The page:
We returned in the tender at 6:30 for dinner, which was very nice if a bit pricey. Highbourne does have condo and resort guests, and perhaps some were with us, but I think most of our dining company were megayacht guests (or owners) who had been tendered ashore. The marina was incredibly busy, considering the rest of the Exumas seem to have emptied out for the season.

The megayachts are too large for the marina, and I counted at least a half dozen anchored with us or a short distance away. A clear giveaway that this is a nightly occurrence: the local gulls appeared off our stern at night to feed in our underwater light.

Vector from Leaf Cay. Allens Cay in the background.

Yesterday morning, with the swell and chop still high enough to make hoisting the tender dicey, we set it on a tow line and moved around to the protected anchorage between Allens Cay and Leaf Cay (map). Surrounded on all sides by cays, it was flat calm in there, and lovely. I snorkeled and we both swam before dinner. I also swam ashore at Leaf Cay to get some close-up photos of the famous Allens Cay iguanas, which exist no where else in the world.

A pair of Allens Cay Iguanas, looking for a handout.

Another pair. Even with his markings, the big male nearly disappears against the rocks.

Anchored, as we were, less than a hundred yards off the beach, we could see the iguanas just fine from on deck, and we had the entertainment of watching an endless procession of tour boats land on the beach. Rules against feeding or molesting the endangered iguanas are routinely violated. AT one point a giant charter cat, whose enormous tender had already landed on the beach, came right up to us and spun around between us and the shore.

Our entertainment, watching the beach. AquaCat is spinning around at right and their tender is to the left.

The cat was quite large. Normally a dive charter.

Shortly after anchoring we tendered over to Southwest Allens Cay, which is where the largest group of iguanas is said to reside. A bored-looking yacht crewman was on the beach watching over an Easy-Up with a table and a half dozen chairs, waiting for a group of passengers. He told us he'd only seen a couple of smaller iguanas with white X's painted on them, and we ultimately realized the larger group is now on Leaf Cay where we anchored.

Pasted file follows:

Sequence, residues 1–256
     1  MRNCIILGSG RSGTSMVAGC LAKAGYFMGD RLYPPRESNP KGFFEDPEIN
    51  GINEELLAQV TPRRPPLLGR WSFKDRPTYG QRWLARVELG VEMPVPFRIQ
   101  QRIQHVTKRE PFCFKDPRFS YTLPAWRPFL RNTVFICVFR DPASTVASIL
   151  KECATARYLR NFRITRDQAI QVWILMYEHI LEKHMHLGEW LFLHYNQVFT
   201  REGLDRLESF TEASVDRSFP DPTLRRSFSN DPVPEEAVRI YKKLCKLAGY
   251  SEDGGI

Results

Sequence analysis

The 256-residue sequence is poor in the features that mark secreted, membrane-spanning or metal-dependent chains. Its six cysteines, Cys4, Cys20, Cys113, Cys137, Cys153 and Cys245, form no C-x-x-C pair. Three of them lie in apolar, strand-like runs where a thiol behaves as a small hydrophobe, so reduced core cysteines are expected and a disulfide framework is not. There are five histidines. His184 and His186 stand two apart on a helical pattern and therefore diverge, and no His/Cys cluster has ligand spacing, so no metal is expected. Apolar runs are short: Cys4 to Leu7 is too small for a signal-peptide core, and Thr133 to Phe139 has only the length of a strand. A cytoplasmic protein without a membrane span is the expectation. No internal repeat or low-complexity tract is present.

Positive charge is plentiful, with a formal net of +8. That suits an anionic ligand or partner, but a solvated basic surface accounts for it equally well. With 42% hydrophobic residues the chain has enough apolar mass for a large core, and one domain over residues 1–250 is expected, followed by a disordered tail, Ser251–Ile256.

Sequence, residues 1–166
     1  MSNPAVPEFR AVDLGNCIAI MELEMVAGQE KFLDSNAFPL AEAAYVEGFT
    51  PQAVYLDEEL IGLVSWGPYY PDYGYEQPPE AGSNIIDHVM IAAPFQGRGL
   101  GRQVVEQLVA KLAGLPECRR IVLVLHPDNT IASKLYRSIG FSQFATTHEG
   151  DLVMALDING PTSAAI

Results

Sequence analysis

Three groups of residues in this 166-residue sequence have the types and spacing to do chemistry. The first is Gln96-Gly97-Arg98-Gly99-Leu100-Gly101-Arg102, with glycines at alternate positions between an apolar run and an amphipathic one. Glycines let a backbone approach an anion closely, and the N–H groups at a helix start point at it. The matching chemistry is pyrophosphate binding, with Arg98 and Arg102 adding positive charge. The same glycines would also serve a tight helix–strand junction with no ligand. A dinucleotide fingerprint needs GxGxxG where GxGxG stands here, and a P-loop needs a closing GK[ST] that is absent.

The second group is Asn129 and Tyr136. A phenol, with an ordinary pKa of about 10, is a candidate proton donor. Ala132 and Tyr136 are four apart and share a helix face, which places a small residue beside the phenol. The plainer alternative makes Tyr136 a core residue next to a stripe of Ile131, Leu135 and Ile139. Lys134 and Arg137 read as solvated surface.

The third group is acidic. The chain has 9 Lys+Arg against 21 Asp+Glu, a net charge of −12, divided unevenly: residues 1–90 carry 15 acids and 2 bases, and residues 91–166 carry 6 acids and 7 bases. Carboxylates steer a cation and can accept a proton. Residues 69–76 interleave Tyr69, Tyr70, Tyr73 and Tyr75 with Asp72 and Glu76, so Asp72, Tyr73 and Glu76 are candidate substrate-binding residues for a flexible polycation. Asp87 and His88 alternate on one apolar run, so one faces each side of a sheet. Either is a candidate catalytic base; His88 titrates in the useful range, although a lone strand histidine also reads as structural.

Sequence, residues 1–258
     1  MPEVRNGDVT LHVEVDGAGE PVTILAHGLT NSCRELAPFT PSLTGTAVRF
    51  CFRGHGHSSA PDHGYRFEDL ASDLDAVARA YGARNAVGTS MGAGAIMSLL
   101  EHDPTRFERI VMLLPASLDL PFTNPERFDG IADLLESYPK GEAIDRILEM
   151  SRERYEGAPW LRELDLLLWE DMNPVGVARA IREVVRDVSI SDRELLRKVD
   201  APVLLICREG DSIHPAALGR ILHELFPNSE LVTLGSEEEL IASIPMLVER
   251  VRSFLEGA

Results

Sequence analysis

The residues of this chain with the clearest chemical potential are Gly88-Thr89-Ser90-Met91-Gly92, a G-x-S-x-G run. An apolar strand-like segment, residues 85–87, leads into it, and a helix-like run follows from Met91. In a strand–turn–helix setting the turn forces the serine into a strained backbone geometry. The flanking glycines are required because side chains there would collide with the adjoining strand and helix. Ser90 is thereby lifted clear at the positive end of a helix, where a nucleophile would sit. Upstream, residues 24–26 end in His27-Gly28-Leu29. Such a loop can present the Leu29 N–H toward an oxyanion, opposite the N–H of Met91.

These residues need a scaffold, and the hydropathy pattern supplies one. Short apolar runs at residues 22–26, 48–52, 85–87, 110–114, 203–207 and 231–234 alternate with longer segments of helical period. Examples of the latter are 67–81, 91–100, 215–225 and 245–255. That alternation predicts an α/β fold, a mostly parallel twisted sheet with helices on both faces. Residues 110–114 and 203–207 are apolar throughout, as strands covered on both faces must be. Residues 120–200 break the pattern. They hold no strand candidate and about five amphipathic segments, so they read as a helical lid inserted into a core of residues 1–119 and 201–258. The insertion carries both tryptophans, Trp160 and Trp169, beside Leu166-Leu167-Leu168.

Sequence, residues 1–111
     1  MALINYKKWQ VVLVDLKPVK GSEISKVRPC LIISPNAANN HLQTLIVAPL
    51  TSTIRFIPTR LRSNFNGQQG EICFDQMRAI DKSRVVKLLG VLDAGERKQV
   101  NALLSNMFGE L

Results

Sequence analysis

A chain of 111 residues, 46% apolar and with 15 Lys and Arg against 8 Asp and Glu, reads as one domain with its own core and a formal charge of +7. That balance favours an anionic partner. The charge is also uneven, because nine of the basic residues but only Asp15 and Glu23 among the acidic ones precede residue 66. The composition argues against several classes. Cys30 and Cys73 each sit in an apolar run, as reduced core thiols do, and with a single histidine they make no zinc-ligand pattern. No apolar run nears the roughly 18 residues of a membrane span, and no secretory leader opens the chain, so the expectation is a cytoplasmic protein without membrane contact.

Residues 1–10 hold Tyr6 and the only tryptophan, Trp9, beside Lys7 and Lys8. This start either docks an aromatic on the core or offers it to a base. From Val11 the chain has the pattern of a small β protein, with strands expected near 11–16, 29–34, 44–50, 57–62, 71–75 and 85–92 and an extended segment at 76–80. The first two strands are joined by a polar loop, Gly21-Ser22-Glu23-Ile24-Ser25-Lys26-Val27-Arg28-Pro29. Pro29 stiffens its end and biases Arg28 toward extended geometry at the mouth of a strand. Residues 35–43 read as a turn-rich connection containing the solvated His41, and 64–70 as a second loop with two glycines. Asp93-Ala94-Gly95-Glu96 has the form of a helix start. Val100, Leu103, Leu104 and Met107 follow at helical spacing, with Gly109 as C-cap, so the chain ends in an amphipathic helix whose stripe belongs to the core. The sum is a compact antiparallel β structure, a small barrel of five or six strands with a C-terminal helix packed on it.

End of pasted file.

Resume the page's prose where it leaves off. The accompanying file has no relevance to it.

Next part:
Iguana x-out. I don't know what it signifies.

I grilled a nice steak for dinner and we had a blissfully calm night at anchor. Two Sea-Rays and a sailing cat shared the anchorage with us. This morning we took a quick dinghy tour of the cays surrounding the anchorage before hoisting the tender back on deck.

Two iguanas heading into their den.

Today we have near-perfect conditions for crossing the bank. While we are not due at the marina until Saturday, we'll be happy to be in the harbor a couple of days early. That will give us a chance to check out the marina and figure out how to dock with no thruster, which quit back in the Turks & Caicos. It will also give me a full extra day to get ready for my class  and do the prerequisite reading, without worrying about weather or moving the boat.

Faded iguana sign.

I'll be back in the US for five days while Louise holds down the fort. I've already ordered a half dozen spare parts sent to the hotel to bring back with me, including parts for the watermaker and the tender engine. And I will be bringing all my US SIM cards and devices to let them sync up with their domestic carriers, so they won't be shut down for being offline longer than 90 days.

When I return we might spend a day or two at Atlantis to play in their water park, if they have room on the "cheap" dock ($4.50 per foot!). From there our return path to the US will depend on weather and fuel pricing; we can come back via Bimini to Palm Beach, or else via Freeport or The Abacos to points north.